Western Australia and the ACT remain the best performing of Australia’s states and territories, although the entire country faces challenges going forward, according to a quarterly reported issued by Commsec Research.
“Consumer conservatism and the uncertainty provided by proposed carbon and mining taxes will provide challenges for all the states and territories over the next three to six months,” Commsec Research said in its State of the States report for July 2011.
The report, undertaken each quarter, provides analysis of eight key indicators in each state and territory, namely economic growth, retail spending, equipment investment, unemployment, construction work done, population growth, housing finance and dwelling commencements.
“Provided China continues to grow then the Western Australian economy will continue to thrive,” Commsec Reserach said.
“But just as the broader Australian economy is multi speed, so is the situation in Western Australia. Mining areas are thriving but weaker housing activity is creating challenges inand non-mining regional towns.”
For the ACT, above-average population growth and construction activity is providing the main impetus, although fewer jobs going forward could undermine its economic prospects, according to the report.
Victoria continues to benefit from historically-low unemployment levels, and this is supporting housing lending, retail spending and home building.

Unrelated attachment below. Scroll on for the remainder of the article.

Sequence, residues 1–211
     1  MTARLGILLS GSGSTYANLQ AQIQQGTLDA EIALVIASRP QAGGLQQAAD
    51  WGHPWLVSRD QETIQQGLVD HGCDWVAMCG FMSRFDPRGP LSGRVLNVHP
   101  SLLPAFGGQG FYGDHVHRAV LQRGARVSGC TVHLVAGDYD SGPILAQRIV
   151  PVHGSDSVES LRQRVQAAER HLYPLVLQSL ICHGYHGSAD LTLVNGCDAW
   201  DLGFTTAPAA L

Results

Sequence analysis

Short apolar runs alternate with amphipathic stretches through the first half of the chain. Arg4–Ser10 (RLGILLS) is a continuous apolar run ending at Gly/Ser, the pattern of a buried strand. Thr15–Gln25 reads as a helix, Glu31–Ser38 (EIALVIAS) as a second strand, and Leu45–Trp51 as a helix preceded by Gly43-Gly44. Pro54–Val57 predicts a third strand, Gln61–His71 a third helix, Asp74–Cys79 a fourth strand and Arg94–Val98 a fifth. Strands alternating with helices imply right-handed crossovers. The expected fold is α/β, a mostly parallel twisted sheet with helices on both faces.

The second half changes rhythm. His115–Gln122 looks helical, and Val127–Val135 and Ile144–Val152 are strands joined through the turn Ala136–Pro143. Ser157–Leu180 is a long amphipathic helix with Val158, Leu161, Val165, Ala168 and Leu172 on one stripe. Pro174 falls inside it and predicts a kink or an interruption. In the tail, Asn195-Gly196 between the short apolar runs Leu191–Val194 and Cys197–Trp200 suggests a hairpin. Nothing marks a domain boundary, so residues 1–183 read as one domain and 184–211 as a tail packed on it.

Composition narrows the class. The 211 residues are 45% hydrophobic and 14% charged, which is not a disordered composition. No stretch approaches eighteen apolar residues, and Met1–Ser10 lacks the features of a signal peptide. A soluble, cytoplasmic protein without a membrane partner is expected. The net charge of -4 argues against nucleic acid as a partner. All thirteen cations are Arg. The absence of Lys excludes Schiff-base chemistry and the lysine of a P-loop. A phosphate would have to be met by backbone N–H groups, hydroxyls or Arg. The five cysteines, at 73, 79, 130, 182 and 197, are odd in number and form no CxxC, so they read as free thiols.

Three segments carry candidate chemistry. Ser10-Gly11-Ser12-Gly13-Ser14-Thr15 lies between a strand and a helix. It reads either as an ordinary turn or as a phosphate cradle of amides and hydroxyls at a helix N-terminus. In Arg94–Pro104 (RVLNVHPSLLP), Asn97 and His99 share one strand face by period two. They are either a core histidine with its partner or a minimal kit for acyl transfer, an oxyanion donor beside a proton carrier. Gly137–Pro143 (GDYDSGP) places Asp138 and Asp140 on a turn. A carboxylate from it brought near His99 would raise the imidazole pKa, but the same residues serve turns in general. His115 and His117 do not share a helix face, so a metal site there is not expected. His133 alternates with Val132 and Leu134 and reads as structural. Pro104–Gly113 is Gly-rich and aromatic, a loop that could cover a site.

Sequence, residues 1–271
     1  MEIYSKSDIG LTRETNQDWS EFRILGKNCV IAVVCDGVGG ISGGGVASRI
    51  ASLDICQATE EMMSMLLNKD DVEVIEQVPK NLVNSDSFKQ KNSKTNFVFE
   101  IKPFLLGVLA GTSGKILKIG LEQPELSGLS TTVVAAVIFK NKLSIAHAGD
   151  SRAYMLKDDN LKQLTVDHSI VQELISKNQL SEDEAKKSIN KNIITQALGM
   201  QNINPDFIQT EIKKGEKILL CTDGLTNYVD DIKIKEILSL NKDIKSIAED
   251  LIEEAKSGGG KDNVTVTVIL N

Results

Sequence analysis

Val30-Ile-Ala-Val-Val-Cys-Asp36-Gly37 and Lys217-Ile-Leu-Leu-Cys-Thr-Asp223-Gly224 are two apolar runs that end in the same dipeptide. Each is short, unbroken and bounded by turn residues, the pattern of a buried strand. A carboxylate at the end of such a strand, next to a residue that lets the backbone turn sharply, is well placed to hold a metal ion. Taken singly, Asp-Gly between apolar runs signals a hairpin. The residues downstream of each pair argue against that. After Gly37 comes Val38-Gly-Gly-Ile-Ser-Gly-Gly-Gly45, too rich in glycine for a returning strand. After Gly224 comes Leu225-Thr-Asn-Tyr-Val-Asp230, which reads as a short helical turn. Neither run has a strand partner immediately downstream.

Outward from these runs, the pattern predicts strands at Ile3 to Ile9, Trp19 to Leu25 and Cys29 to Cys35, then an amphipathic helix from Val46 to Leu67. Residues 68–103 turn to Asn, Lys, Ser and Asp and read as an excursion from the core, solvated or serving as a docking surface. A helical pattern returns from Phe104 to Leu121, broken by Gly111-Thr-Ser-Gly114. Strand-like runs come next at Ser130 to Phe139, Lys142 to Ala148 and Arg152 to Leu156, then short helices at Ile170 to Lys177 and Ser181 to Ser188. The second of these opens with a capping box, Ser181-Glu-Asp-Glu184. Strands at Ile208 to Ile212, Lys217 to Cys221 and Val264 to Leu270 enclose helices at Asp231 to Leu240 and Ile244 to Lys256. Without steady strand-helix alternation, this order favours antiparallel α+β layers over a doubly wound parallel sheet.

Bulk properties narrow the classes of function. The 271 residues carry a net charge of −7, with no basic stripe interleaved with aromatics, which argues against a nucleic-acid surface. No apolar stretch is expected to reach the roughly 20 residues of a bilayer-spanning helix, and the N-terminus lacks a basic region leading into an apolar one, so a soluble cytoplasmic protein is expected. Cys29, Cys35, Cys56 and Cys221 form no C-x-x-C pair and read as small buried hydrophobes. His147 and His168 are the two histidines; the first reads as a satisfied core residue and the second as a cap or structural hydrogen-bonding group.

For South Australia, while stronger investment and plant and equipment spending and population growth remain strong, “home lending is under-performing other economies.”
A limp construction sector is undermining the performance of the NSW economy, although Commsec Research said population growth should bolster future spending and investment in the state.
“Tasmania has been a clear improver over the last three months benefitting from stronger construction work which is now 32 per cent above decade averages,” the report said.
“The Northern Territory maintains its top rankings on the job market and retail spending but business investment is now 39 per cent below the decade average.”
“The Queensland economy is still in the early stages of recovery from the floods and cyclone that occurred earlier this year. Once rebuilding gets fully underway it should provide momentum through the broader economy. But activity in coal producing areas is still hampered by flooding. The housing market also remains weak, whether it be new building, home lending or home prices.”